Kentucky’s Changing Use of Incarceration for Status Offenses
Kentucky has seen a steady decline in the practice of putting youth in juvenile jails (officially called secure juvenile detention centers) for status offenses (things like skipping school or running away from home) since peaking in 2007. In fact, use of this practice has fallen by 52 percent from 2007 to 2012. This is great news given the use of incarceration is the most expensive and least effective response to status offense behaviors. However, more than 1,000 Kentucky children and teens under age 18 still find themselves placed behind bars each year for these juvenile behavior problems, instead of getting the help they need to address the root cause of their acting out.
If we were to wait for this gradual decline to reach the point where fewer than 100 Kentucky youth are jailed for status offenses, it would take more than a decade at the average annual rate we’ve experienced since 2007 (assuming the trend continued). Luckily, that scenario is unlikely. Instead, we expect state lawmakers to take action soon. In his blog, Senator Whitney Westerfield, co-chair of the Unified Juvenile Code Task Force, lays out some of the next steps for the Task Force, and states that “we also have the responsibility to ensure that juvenile offenders get the help they need to be productive citizens.” Also, Representative John Tilley, the Task Force’s other co-chair, said in a recent Courier-Journal story that “We can’t incarcerate children who haven’t committed a crime. … There is a consistent chorus to no longer detain status offenders for any reason.”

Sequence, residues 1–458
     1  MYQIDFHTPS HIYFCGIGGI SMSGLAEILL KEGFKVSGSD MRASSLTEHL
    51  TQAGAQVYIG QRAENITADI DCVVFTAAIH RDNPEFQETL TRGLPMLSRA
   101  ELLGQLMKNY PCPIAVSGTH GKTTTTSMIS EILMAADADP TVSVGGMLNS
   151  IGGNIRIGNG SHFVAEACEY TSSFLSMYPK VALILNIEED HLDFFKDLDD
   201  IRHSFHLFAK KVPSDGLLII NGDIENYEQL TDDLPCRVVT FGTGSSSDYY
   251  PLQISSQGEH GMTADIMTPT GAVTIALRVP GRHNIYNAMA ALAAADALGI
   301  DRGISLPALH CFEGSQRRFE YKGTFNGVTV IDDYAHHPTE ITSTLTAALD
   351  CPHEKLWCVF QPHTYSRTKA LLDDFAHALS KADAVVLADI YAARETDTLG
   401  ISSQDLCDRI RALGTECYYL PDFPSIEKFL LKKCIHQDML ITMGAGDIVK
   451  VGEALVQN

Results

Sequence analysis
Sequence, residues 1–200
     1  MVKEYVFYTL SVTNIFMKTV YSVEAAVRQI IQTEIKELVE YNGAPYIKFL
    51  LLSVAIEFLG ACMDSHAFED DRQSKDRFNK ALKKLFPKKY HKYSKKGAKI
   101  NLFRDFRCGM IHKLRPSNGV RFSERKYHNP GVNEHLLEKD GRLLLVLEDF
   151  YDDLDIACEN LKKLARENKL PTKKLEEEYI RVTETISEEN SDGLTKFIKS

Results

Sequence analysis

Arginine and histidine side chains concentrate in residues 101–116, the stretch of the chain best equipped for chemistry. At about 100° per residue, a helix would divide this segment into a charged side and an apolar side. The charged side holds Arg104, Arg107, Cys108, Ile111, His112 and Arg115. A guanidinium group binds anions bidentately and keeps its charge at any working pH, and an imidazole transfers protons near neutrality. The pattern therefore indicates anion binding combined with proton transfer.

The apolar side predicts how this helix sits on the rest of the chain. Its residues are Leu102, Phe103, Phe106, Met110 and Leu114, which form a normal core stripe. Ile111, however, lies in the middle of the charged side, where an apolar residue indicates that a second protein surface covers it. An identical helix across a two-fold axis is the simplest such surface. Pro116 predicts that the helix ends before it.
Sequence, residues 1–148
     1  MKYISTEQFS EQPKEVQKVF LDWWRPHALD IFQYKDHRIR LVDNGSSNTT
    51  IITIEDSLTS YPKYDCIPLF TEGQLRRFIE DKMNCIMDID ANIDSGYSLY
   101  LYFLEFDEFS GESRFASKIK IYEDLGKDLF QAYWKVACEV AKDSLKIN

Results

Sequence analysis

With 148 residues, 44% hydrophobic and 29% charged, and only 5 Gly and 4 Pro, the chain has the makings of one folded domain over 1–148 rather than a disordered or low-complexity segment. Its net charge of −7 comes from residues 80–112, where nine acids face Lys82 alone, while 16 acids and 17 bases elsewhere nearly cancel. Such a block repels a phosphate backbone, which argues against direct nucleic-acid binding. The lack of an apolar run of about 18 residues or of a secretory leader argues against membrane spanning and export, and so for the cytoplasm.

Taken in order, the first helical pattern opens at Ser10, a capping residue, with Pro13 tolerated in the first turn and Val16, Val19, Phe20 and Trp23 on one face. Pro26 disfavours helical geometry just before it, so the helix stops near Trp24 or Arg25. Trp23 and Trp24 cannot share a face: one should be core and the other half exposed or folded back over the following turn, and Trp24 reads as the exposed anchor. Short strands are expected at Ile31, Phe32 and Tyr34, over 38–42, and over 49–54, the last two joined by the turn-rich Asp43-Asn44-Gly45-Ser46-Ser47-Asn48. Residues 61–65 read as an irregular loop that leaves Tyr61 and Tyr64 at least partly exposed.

Ending this harmful practice is one big step in the right direction, but it is equally important that we replace it with evidence-based practices that have been proven effective. This is why we advocate taking youth charged with status offenses completely out of the juvenile justice system, and instead treating them through a Children In Need of Services system housed within the Department for Community Based Services. Since status offenses are not criminal offenses, and since they are usually the result of larger issues (such as family dysfunction, school bullying, undiagnosed learning disabilities, and physical or sexual abuse), we are encouraged to see policymakers talk of shifting to a treatment-oriented approach rather than a criminal justice approach.